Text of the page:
This sound might not be for you, but we’re all about exploring the full gambit of sonic possibilities here! A lot of the pitch relationships will look like nice dyads, but it’s really important you are aware of the sound (listen to the recordings). These come out honky and at mf-f dynamics!
You’re also going to hear a lot of fragile sounds (I can’t stress how important it is to listen to each sound file and not just use the pitch charts!). Not only in the ultra-underblown multiphonics, but also in those where I’m accessing really high harmonics (say from the A up). I really like this fragility. I like working on it, and I know the changing, unpredictable or unknown elements of these multiphonics is something Scott and I have been exploring a lot. (But I know a lot of clarinetists who do not like things to be unpredictable on stage, so, know your collaborators!) Occasionally with the really high ones you’ll hear that I’m not quite managing to get both to sound simultaneously. My theory is here that if I just work on these enough I’ll manage, so I wanted you to know what might be possible (maybe with a clarinetist who is better than me in the altissimo range?).
Not all fingerings produce this sound, so it was critical for creating our distinctions as we were reorganising the Rehfeldt chart. Equally, this is not the total number of fingerings that do produce this sound, only the ones from the Rehfeldt chart that did. Crucially, none of the multiphonics from the first post in the series, here, can do this.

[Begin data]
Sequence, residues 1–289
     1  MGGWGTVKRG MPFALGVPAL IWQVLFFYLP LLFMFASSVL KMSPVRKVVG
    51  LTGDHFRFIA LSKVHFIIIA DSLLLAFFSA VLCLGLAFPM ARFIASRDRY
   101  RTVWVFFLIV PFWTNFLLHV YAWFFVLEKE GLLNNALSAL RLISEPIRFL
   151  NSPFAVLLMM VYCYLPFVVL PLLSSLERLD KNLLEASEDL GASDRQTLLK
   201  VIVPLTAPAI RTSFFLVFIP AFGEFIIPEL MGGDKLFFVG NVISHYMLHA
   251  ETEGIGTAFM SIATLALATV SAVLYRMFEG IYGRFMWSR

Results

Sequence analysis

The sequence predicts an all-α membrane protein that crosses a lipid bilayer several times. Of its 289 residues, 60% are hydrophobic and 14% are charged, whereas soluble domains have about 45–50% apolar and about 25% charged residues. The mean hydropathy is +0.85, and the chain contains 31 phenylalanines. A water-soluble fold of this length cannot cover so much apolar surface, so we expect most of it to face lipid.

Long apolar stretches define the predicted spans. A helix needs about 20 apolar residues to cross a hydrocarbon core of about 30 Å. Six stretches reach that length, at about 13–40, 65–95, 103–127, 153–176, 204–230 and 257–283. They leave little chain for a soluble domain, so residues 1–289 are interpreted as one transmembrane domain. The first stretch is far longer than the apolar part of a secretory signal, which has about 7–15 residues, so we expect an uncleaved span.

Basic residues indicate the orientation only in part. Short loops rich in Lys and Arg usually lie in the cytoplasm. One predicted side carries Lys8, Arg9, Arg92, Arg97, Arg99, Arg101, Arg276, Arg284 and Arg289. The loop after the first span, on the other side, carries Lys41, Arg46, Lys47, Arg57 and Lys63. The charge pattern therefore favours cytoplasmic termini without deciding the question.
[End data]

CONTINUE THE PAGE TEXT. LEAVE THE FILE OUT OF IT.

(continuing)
As ever, the chart is transposed, and represent 3-4 different multiphonic possibilities, so you need to decide which top pitch you want to hear, don’t just include the whole diagram. Pitches that use the ultra-underblown technique are highlighted in yellow (but it’s always the first pitch above the fundamental). Sometimes I managed to get two different underblown multiphonics, those are indicated. The pitches are slightly flexible, as they are quite bendable! In the recordings I first play the overblown pitches and then do the ultra-underblow.